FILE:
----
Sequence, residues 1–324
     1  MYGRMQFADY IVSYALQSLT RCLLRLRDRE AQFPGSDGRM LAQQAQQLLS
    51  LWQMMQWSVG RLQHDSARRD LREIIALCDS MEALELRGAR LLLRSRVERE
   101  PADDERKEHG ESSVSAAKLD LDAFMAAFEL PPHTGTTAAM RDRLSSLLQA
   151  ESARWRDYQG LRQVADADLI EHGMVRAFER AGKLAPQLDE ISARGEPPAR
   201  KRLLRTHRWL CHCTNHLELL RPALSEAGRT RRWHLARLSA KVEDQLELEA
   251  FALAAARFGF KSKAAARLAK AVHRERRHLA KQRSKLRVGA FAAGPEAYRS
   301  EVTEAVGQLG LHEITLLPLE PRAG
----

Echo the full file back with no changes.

Sequence, residues 1–324
     1  MYGRMQFADY IVSYALQSLT RCLLRLRDRE AQFPGSDGRM LAQQAQQLLS
    51  LWQMMQWSVG RLQHDSARRD LREIIALCDS MEALELRGAR LLLRSRVERE
   101  PADDERKEHG ESSVSAAKLD LDAFMAAFEL PPHTGTTAAM RDRLSSLLQA
   151  ESARWRDYQG LRQVADADLI EHGMVRAFER AGKLAPQLDE ISARGEPPAR
   201  KRLLRTHRWL CHCTNHLELL RPALSEAGRT RRWHLARLSA KVEDQLELEA
   251  FALAAARFGF KSKAAARLAK AVHRERRHLA KQRSKLRVGA FAAGPEAYRS
   301  EVTEAVGQLG LHEITLLPLE PRAG